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http://dx.doi.org/10.3390/genes9020066DOI Listing
http://www.ncbi.nlm.nih.gov/pmc/articles/PMC5852562PMC
January 2018

Regulatory networks specifying cortical interneurons from human embryonic stem cells reveal roles for CHD2 in interneuron development.

Proc Natl Acad Sci U S A 2017 12 11;114(52):E11180-E11189. Epub 2017 Dec 11.

Department of Developmental Biology, Washington University School of Medicine, St. Louis, MO 63110;

Cortical interneurons (cINs) modulate excitatory neuronal activity by providing local inhibition. During fetal development, several cIN subtypes derive from the medial ganglionic eminence (MGE), a transient ventral telencephalic structure. While altered cIN development contributes to neurodevelopmental disorders, the inaccessibility of human fetal brain tissue during development has hampered efforts to define molecular networks controlling this process. Here, we modified protocols for directed differentiation of human embryonic stem cells, obtaining efficient, accelerated production of MGE-like progenitors and MGE-derived cIN subtypes with the expected electrophysiological properties. We defined transcriptome changes accompanying this process and integrated these data with direct transcriptional targets of NKX2-1, a transcription factor controlling MGE specification. This analysis defined NKX2-1-associated genes with enriched expression during MGE specification and cIN differentiation, including known and previously unreported transcription factor targets with likely roles in MGE specification, and other target classes regulating cIN migration and function. NKX2-1-associated peaks were enriched for consensus binding motifs for NKX2-1, LHX, and SOX transcription factors, suggesting roles in coregulating MGE gene expression. Among the NKX2-1 direct target genes with cIN-enriched expression was , which encodes a chromatin remodeling protein mutated to cause human epilepsies. Accordingly, CHD2 deficiency impaired cIN specification and altered later electrophysiological function, while CHD2 coassociated with NKX2-1 at -regulatory elements and was required for their transactivation by NKX2-1 in MGE-like progenitors. This analysis identified several aspects of gene-regulatory networks underlying human MGE specification and suggested mechanisms by which NKX2-1 acts with chromatin remodeling activities to regulate gene expression programs underlying cIN development.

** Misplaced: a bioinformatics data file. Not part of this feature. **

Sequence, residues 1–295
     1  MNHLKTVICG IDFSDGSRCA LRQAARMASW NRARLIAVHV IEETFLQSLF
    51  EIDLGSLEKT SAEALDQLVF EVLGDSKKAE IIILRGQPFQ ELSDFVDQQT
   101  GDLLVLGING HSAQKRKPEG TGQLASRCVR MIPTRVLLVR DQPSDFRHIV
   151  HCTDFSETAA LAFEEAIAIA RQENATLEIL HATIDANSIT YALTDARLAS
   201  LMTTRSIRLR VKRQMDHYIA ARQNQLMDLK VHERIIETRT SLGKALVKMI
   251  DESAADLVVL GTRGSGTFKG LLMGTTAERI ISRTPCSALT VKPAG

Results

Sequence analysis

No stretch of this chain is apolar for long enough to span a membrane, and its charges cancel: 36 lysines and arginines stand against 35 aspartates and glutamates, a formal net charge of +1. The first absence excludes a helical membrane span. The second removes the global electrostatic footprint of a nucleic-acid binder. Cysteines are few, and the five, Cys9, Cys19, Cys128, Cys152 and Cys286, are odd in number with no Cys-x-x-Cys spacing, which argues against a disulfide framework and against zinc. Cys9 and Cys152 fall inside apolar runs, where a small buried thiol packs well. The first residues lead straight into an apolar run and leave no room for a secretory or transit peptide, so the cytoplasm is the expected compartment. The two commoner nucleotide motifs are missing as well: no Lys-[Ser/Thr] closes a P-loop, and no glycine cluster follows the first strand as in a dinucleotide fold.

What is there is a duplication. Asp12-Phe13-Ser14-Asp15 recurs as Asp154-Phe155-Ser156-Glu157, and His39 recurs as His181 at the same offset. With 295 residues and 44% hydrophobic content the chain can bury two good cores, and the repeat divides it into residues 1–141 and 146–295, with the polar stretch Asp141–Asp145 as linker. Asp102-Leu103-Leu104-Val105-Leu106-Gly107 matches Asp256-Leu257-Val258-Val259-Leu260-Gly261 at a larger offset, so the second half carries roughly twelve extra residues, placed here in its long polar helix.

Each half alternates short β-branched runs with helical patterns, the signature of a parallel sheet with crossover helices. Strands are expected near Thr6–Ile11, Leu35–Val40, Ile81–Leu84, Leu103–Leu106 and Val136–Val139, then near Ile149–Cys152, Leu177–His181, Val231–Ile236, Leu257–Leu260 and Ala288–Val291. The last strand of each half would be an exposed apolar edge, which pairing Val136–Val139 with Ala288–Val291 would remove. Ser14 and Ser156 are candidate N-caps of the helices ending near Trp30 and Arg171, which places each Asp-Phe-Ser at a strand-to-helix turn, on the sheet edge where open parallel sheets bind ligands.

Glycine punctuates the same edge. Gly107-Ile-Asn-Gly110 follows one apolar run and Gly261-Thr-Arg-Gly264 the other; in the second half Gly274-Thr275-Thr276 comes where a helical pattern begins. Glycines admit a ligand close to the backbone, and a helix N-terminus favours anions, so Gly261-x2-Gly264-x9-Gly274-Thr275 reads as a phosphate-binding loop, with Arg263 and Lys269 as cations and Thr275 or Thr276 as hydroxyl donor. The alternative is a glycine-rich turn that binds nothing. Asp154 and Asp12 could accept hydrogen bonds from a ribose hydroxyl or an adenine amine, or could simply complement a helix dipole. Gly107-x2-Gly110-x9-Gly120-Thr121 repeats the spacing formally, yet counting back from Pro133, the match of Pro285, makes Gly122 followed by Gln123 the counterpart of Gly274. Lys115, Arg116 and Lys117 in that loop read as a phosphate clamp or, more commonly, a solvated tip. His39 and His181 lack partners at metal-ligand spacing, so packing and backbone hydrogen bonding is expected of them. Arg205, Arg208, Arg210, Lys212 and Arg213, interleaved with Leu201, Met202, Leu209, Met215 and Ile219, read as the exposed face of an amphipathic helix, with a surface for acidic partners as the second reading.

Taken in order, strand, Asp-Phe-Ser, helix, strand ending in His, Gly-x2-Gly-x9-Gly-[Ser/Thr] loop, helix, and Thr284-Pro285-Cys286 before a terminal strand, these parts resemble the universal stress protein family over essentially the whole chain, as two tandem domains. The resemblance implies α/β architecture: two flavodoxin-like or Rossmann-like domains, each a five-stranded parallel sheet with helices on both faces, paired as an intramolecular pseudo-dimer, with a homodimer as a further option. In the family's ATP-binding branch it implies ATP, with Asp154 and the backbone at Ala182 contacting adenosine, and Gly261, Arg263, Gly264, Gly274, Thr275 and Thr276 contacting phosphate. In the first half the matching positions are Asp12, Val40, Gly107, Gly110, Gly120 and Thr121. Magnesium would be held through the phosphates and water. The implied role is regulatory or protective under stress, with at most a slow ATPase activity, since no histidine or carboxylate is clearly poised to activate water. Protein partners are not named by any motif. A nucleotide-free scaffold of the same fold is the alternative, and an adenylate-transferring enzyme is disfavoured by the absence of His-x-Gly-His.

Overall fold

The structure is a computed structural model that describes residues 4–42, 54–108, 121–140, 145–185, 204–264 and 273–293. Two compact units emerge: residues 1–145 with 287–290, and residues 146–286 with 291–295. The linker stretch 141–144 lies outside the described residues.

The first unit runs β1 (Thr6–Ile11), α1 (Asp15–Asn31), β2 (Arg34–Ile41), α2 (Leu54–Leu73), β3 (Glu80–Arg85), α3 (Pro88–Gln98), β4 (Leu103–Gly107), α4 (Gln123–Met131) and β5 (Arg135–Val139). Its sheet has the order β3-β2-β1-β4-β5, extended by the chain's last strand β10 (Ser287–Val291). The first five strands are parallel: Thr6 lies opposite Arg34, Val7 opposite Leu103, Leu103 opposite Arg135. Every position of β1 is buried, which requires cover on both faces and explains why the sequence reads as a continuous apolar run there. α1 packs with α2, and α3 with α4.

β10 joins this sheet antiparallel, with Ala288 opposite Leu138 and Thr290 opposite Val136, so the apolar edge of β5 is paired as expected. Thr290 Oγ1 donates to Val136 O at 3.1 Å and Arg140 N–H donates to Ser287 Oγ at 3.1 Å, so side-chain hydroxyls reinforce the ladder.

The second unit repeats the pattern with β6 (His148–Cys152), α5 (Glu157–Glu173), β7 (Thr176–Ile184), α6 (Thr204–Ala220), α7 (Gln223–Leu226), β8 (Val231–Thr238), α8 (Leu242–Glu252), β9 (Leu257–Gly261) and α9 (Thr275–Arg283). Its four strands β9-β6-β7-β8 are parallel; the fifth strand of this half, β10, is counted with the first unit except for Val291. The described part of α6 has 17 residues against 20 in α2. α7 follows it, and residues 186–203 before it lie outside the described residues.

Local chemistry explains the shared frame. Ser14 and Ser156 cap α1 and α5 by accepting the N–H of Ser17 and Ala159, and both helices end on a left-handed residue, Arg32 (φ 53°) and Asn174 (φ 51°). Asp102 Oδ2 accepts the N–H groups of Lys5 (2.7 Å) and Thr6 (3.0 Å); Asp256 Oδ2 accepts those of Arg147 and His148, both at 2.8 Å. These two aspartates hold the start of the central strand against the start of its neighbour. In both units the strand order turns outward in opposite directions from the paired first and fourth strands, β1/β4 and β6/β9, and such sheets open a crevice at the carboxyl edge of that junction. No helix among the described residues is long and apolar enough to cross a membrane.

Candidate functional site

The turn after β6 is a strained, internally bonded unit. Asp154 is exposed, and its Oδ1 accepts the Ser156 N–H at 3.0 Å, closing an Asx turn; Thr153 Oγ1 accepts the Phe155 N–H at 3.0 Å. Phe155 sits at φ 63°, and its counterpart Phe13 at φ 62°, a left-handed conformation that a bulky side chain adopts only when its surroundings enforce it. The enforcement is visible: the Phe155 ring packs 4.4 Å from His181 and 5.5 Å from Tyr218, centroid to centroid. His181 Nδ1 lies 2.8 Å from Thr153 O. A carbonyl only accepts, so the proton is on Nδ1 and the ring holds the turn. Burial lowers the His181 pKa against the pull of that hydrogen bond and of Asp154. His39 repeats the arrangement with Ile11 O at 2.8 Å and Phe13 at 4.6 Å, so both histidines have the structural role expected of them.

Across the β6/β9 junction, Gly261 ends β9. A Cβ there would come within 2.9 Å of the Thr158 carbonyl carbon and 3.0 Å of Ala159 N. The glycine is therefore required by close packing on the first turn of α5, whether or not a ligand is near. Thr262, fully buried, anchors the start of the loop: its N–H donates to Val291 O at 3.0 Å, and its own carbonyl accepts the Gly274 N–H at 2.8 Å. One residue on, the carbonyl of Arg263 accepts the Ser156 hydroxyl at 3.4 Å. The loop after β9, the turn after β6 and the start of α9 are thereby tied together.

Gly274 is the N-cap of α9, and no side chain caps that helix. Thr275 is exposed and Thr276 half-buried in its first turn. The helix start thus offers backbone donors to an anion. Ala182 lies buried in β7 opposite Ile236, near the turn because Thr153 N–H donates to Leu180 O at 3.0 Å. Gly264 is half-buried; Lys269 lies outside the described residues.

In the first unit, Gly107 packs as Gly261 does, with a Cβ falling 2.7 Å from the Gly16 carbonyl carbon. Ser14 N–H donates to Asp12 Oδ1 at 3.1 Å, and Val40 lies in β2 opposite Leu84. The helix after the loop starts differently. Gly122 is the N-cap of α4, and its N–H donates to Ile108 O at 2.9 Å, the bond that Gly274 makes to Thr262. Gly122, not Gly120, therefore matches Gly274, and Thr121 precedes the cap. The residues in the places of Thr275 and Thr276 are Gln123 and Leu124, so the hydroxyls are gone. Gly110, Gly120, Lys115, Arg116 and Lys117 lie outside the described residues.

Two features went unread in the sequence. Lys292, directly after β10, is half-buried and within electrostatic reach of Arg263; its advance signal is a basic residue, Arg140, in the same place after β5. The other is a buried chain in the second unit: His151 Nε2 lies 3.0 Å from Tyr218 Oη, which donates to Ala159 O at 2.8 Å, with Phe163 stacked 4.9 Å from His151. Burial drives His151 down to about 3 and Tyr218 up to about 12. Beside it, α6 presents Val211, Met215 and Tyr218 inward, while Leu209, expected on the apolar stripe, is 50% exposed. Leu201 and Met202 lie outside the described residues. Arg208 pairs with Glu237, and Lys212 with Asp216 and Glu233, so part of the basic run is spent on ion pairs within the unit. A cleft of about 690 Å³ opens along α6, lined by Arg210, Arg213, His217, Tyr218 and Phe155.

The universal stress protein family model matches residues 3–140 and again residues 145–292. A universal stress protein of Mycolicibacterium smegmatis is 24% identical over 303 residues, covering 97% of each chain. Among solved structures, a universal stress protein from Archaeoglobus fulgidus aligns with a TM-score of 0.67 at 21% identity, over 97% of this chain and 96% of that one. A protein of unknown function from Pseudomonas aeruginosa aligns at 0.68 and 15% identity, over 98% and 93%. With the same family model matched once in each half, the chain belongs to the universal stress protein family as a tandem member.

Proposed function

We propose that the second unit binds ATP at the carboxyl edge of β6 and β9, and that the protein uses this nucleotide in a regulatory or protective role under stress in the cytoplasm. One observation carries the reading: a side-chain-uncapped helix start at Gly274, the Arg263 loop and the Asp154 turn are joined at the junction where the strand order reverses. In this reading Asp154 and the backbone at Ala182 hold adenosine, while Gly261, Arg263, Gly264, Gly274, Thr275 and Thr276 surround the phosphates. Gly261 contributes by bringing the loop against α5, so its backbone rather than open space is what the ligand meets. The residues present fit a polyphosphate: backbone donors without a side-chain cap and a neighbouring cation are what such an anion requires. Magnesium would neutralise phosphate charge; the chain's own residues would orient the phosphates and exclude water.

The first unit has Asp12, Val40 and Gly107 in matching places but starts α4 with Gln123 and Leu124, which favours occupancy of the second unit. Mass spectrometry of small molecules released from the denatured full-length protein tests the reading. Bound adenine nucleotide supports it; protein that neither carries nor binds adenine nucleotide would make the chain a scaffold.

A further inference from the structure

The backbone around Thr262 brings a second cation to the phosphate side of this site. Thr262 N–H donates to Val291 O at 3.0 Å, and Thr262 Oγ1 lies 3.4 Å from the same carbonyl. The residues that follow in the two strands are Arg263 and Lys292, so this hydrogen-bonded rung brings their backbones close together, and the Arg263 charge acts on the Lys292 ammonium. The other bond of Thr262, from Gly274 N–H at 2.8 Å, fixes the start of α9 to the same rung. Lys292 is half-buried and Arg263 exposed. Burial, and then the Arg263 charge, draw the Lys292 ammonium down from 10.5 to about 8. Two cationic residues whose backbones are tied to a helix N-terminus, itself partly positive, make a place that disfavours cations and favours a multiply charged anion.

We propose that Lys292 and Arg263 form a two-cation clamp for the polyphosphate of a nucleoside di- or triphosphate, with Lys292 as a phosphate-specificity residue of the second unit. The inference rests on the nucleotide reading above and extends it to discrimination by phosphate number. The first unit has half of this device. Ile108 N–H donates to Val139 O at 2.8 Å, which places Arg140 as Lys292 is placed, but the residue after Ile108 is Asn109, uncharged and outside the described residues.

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http://dx.doi.org/10.1073/pnas.1712365115DOI Listing
http://www.ncbi.nlm.nih.gov/pmc/articles/PMC5748186PMC
December 2017

Overcoming Monocarboxylate Transporter 8 (MCT8)-Deficiency to Promote Human Oligodendrocyte Differentiation and Myelination.

EBioMedicine 2017 Nov 19;25:122-135. Epub 2017 Oct 19.

Department of Medicine, Central Clinical School, Monash University, Prahran, Victoria 3004, Australia. Electronic address:

Cell membrane thyroid hormone (TH) transport can be facilitated by the monocarboxylate transporter 8 (MCT8), encoded by the solute carrier family 16 member 2 (SLC16A2) gene. Human mutations of the gene, SLC16A2, result in the X-linked-inherited psychomotor retardation and hypomyelination disorder, Allan-Herndon-Dudley syndrome (AHDS). We posited that abrogating MCT8-dependent TH transport limits oligodendrogenesis and myelination. We show that human oligodendrocytes (OL), derived from the NKX2.1-GFP human embryonic stem cell (hESC) reporter line, express MCT8. Moreover, treatment of these cultures with DITPA (an MCT8-independent TH analog), up-regulates OL differentiation transcription factors and myelin gene expression. DITPA promotes hESC-derived OL myelination of retinal ganglion axons in co-culture. Pharmacological and genetic blockade of MCT8 induces significant OL apoptosis, impairing myelination. DITPA treatment limits OL apoptosis mediated by SLC16A2 down-regulation primarily signaling through AKT phosphorylation, driving myelination. Our results highlight the potential role of MCT8 in TH transport for human OL development and may implicate DITPA as a promising treatment for developmentally-regulated myelination in AHDS.